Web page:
As a musician, imagining a silent world is unfathomably sad. As one who enjoys other people’s company and conversation, the idea of being isolated within my own community epitomizes despair. And as a teacher, thinking about children trapped alone in silence without a way to communicate yanks on all my emotional nerves. But for deaf children in developing countries, this bleak picture isn’t just imagined.
Communication is a basic human need. We need to communicate for very practical, life-sustaining reasons; and as we communicate well, we can ascend to the higher echelons of Maslow’s hierarchy of needs approaching self-actualization.
Education serves as a vehicle for refining and expanding our communication skills. What we learn, both in and out of school, gives us things to talk about and teaches us how to talk about them. Since I resonate more with a constructivist perspective, I think people inherently have things to talk about. We’re born with ideas. As we interact with our environments, we generate new ideas. There is no lack of conversational material within the young human mind.
But what if that mind is limited by what the body can express? Imagine having all these ideas in your head without any way to articulate or share them—the quintessence of frustration, right? I happened upon a few poignant videos (included below) about deaf children and their first exposures to sign language. Seeing the grins stretch across their faces has had me thinking about the joy it is to be able to communicate. As a teacher, I think I’d do just about anything to see that look on one of my student’s faces.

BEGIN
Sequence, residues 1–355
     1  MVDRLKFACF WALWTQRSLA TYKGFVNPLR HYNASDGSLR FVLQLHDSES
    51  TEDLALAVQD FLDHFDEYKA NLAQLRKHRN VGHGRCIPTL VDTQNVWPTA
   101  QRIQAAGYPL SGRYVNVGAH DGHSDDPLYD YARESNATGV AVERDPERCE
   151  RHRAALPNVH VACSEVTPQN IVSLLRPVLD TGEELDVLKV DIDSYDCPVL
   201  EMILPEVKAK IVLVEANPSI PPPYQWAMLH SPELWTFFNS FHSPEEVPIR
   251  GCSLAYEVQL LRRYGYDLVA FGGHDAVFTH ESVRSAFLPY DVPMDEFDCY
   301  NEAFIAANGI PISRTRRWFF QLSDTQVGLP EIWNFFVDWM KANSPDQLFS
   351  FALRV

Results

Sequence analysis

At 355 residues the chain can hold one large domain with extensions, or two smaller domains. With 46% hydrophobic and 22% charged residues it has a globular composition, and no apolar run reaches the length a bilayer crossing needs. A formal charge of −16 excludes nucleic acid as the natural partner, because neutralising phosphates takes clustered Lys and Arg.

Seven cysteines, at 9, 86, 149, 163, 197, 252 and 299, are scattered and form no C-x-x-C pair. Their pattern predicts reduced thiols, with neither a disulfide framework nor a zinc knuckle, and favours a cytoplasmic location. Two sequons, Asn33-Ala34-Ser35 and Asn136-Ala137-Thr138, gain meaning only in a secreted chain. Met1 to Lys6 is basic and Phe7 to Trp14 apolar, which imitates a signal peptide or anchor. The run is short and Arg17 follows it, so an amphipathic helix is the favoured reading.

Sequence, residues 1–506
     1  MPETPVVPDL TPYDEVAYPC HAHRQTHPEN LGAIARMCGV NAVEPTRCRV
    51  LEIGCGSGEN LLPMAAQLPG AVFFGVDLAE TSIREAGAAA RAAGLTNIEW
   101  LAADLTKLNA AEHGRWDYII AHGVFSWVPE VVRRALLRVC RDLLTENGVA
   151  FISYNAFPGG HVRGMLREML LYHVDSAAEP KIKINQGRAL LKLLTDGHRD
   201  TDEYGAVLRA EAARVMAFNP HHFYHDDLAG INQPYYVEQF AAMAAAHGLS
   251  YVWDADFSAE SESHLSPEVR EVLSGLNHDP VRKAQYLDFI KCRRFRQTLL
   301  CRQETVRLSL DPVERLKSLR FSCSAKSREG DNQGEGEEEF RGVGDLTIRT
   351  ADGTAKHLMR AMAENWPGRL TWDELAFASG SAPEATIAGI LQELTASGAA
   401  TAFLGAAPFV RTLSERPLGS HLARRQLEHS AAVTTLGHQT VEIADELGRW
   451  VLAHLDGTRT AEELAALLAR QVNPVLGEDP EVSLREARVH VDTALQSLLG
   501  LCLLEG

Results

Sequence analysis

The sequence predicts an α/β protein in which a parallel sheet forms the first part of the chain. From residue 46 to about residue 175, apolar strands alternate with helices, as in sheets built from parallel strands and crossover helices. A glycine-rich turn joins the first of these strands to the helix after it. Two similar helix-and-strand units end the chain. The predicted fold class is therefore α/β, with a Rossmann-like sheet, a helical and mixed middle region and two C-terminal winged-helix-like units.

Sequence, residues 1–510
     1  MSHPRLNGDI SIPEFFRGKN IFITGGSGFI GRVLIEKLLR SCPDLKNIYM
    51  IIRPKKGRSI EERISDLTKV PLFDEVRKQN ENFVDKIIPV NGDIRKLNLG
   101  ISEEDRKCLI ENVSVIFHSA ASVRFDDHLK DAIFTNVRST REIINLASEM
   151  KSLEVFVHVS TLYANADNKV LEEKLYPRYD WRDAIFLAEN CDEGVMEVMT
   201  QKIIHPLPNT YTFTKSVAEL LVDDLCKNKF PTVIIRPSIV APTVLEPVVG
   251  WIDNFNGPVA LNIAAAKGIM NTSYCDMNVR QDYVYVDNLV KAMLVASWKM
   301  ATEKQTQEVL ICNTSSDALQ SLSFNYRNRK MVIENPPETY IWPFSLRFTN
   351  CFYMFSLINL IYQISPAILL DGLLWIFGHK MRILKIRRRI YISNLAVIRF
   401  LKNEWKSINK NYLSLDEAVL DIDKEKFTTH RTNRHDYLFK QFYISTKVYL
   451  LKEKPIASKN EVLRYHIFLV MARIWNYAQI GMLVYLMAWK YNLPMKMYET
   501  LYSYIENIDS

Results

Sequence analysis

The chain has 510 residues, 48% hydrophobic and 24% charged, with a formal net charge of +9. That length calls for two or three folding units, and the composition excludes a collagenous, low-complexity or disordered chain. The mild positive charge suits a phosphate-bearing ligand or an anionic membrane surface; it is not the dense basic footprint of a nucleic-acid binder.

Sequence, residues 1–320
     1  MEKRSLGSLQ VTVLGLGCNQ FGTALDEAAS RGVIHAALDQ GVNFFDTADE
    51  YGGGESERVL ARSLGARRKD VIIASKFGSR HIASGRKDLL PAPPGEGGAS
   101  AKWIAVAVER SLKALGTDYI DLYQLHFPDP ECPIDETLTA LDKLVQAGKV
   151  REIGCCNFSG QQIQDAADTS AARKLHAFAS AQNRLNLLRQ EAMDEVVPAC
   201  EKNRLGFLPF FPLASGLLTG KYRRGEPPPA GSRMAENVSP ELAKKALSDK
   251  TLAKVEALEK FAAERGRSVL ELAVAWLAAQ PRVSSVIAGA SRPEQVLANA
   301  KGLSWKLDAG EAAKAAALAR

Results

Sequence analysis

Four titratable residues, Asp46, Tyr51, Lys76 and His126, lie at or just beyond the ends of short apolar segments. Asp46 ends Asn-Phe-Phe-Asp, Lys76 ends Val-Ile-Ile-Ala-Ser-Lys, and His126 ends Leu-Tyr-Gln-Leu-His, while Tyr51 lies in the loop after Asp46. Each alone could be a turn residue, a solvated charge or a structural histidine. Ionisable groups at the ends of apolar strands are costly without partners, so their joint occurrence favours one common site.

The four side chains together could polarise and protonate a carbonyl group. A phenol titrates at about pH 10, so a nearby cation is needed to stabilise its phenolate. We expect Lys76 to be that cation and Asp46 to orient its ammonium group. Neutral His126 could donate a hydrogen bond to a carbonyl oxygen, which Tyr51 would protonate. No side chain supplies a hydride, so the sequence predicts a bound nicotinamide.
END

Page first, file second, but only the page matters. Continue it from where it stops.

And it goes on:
A discussion of the elucidating role of education in the deaf community would be incomplete with a mention of Helen Keller. Deaf and blind, young Helen lived rather alone and reckless in a dark, silent world until her teacher, Anne Sullivan, helped her learn to communicate. Helen describes her breakthrough moment thus, “Suddenly I felt a misty consciousness as of something forgotten—a thrill of returning thought; and somehow the mystery of language was revealed to me. I knew then that ‘w-a-t-e-r’ meant the wonderful cool something that was flowing over my hand. That living word awakened my soul, gave it light, hope, joy, set it free! There were barriers still, it is true, but barriers that could in time be swept away.” Anne Sullivan’s summarized her perspective on that moment with these words, “A new light came into her face.”
As teachers of any and all students with any and all learning abnormalities, (what’s normal, really?) we have a priceless opportunity to invite that “new light” into their faces.